Plaintiff's foreman further testified that it was impossible to use a ladder to wash the window above the platform because "that shack is too wide. Ladder stays too far away from the wall. It can't support a ladder," and also that the iron grillwork covering the windows makes it impossible to stand in the areaway beyond the structure and to use a pole "because there is iron bar from outside. * * * no could pull the squeegee." This testimony was contradicted by a witness offered by the defendant, but in the determination of the question argued plaintiff is entitled to have that evidence accepted as true. Cirulli v. Licata , 10 N.J. Super. 449 (App. Div. 1950).
A landlord, who by express invitation or by invitation to be implied from acts and conduct induces a tenant or person admitted by the tenant to make use of premises not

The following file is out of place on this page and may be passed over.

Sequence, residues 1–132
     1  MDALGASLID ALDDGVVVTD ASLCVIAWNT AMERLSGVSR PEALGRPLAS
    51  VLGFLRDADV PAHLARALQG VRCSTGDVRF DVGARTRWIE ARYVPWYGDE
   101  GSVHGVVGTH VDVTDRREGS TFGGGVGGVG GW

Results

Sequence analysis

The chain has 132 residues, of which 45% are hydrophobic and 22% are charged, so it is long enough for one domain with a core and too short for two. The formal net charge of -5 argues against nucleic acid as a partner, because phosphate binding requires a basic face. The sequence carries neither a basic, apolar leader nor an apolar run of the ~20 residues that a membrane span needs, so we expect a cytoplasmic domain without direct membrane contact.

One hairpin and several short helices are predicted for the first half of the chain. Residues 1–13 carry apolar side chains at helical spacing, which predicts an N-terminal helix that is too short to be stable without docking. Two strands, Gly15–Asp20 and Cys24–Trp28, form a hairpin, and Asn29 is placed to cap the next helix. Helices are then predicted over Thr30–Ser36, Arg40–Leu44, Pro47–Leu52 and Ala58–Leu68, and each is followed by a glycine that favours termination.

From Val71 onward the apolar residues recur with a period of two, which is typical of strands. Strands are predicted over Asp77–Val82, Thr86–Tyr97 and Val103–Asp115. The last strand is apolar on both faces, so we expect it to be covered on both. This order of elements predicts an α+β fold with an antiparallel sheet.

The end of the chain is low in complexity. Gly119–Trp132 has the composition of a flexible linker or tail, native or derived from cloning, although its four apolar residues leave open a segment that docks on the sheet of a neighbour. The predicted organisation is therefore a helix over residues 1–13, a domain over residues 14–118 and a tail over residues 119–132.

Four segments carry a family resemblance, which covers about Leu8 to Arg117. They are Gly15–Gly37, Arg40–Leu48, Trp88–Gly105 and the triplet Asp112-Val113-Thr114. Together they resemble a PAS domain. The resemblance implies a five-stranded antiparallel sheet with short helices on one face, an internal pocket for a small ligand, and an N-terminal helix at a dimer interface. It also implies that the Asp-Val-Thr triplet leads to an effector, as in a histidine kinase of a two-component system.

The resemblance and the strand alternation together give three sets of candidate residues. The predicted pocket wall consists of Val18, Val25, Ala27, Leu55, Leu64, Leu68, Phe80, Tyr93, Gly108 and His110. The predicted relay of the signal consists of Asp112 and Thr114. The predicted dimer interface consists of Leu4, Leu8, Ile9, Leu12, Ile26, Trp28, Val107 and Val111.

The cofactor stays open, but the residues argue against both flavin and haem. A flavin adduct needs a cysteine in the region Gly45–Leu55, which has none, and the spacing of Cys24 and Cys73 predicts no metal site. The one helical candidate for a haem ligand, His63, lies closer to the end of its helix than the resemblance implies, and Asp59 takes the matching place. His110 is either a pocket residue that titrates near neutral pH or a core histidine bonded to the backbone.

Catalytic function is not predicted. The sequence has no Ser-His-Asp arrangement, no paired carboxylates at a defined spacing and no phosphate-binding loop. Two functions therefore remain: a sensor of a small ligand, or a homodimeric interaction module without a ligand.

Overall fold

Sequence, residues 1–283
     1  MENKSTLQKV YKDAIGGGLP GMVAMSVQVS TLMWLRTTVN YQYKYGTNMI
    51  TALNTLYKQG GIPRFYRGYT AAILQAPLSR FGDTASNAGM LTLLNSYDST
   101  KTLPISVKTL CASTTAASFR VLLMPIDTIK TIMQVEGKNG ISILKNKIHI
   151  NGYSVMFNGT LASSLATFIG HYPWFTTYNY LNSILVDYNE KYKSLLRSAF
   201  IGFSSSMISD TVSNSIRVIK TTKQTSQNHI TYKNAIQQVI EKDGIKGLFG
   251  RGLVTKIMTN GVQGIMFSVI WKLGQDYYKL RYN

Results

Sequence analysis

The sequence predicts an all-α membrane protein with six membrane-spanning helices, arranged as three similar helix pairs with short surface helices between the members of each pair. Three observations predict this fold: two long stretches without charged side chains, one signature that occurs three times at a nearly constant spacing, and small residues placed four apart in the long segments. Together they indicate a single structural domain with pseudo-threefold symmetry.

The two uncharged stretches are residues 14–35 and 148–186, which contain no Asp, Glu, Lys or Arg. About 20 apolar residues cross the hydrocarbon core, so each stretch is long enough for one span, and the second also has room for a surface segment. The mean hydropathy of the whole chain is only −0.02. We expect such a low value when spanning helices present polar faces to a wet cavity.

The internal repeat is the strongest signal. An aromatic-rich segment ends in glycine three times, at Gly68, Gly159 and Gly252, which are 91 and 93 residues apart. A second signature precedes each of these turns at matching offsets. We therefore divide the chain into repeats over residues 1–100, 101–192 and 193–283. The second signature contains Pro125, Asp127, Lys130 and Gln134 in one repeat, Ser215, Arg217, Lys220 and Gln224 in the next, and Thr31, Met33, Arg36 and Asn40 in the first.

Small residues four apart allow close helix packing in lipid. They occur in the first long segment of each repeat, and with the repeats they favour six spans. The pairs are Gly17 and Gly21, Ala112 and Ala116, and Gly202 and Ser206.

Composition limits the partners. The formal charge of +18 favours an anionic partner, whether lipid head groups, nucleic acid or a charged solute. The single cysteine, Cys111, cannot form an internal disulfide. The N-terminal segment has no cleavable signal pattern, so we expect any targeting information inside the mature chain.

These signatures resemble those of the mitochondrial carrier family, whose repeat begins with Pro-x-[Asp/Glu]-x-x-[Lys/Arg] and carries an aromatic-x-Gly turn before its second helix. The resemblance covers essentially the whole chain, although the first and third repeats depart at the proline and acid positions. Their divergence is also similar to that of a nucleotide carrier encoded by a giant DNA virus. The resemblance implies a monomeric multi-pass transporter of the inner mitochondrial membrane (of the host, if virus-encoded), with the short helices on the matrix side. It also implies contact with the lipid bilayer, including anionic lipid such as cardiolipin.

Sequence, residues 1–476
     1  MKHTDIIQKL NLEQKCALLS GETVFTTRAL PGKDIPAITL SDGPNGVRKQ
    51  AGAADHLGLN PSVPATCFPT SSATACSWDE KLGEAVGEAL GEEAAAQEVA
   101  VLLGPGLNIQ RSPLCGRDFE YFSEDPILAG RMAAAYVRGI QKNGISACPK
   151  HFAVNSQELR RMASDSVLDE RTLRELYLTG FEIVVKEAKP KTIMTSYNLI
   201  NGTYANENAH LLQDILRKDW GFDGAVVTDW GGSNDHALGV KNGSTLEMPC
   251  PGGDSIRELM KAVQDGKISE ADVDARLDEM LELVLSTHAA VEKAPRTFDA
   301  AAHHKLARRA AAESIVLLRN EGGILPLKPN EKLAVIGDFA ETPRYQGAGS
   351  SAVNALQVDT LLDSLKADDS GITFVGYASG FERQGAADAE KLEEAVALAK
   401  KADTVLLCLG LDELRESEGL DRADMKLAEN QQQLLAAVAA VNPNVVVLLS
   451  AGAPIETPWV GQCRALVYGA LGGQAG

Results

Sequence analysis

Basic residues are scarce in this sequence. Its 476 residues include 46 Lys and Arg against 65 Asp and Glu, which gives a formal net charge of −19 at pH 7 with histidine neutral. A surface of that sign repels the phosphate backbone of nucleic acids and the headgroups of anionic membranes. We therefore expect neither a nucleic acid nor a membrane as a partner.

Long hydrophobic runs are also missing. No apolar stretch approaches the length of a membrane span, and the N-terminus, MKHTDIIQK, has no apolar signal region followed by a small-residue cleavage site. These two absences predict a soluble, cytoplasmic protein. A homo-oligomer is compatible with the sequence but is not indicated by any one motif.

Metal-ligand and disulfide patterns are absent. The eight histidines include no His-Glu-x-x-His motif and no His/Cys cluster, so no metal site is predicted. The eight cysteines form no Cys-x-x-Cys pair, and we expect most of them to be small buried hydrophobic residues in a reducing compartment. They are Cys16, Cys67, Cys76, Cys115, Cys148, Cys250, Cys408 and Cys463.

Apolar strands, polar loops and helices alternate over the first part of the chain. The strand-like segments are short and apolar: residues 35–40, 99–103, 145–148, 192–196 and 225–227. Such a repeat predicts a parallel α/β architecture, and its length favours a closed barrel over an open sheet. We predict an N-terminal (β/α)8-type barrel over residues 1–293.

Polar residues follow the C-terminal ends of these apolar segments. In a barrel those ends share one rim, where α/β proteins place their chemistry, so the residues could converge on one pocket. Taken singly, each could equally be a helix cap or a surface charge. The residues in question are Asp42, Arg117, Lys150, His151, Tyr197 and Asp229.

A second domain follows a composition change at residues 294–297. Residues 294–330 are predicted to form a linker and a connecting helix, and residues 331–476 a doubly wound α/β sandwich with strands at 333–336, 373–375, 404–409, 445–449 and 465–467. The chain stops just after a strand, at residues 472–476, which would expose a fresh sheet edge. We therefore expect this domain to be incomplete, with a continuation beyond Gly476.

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part of the leasehold but within the landlord's control, is under a duty to exercise ordinary care to render the premises reserved by him reasonably safe for a permitted use. Phillips v. The Library Company of Burlington , 55 N.J.L. 307 (E. & A. 1893). The rule applies not only to the halls, stairs, elevators and other approaches to the part of the land leased to the lessee but also to such other parts of the land or building to the use of which by the express or implied terms of the lease the lessee is entitled. Restatement, Torts , (1934), vol. 2, sec. 360. The tenant and such persons in that circumstance enter the reserved parts of the land on a matter deemed in law to be directly connected with the business of the landlord and are therefore entitled to expect that the lessor will exercise reasonable care to discover and remedy dangerous conditions. Restatement, supra, secs. 343, 360. See also 64 Harvard Law Review 913, at 917 (April 1951).